Japan's PM Kan Wins Party Vote, Pushing Yen to 15-Year High

Japan's PM
Japan's PM

Japan's Prime Minister, Naoto Kan, won a party leadership vote on Tuesday to secure his position as the country's premier, defeating challenger Ichiro Ozawa and fueling further gains in the yen.

Unlike Ozawa, who would have considered more debt if the economy worsened to fund more stimulus, Kan, 63, has promised to curb spending and cap borrowing to rein in huge public debt -- twice the size of Japan's $5 trillion economy. He also advocates raising the 5% sales tax to fund the growing social welfare costs of a fast-aging population, Reuters reported.

Kan, who has been at Japan's helm for about three months, is the nation's fifth prime minister in less than four years. His victory means that Japan will be spared yet another leadership change.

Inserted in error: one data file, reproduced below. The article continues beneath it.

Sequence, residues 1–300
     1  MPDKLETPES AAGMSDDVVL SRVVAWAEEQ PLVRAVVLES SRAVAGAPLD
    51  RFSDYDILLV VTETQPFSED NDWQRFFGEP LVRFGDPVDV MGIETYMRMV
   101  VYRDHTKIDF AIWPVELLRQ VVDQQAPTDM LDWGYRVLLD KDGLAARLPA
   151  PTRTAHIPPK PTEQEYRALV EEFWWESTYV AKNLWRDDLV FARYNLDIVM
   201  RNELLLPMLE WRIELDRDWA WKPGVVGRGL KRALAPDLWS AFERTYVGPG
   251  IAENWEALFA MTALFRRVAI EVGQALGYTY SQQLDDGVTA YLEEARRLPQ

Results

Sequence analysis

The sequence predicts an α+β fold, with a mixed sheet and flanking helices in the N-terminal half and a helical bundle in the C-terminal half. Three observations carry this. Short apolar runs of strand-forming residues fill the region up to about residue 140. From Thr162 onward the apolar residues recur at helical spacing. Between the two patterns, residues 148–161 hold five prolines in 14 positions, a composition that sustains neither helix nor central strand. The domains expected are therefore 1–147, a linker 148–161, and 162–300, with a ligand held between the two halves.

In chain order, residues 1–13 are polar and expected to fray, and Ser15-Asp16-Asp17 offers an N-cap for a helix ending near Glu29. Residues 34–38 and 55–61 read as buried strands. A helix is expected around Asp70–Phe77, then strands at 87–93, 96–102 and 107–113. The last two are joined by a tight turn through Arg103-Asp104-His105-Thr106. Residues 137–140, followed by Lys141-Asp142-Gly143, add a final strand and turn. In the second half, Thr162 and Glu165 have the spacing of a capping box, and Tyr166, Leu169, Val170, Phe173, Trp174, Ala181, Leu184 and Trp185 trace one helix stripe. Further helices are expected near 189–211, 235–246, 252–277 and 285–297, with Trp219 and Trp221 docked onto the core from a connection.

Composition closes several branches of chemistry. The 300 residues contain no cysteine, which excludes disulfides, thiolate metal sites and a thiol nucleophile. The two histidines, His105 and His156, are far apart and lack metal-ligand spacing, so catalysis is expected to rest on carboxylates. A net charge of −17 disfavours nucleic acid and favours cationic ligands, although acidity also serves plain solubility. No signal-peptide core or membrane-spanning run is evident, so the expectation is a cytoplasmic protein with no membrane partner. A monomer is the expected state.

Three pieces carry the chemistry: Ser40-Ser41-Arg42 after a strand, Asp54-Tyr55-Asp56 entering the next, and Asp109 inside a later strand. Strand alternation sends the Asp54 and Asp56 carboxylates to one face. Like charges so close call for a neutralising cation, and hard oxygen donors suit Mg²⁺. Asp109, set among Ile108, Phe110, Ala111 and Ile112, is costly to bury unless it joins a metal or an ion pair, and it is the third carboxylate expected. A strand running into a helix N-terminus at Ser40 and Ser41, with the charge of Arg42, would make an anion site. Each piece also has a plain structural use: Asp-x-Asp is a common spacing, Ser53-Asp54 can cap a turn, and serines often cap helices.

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Kan, who already has to deal with a fragile recovery and a huge public debt, has expressed concern about the rising yen, which climbed to 15-year highs against the dollar, but so far hasn't taken action to curb the currency's gains. A strong yen is seen as undermining Japan's recovery, as it makes exports less competitive overseas.

But since Ozawa was considered more likely to take action to combat the strength of the yen, as the BBC reports, traders immediately drove it higher. The U.S. dollar fell from ¥83.60 before the results of the party election were announced to as low as ¥83.07, with the yen hitting a fresh 15-year high. The dollar later recouped some of its losses to trade at ¥83.40.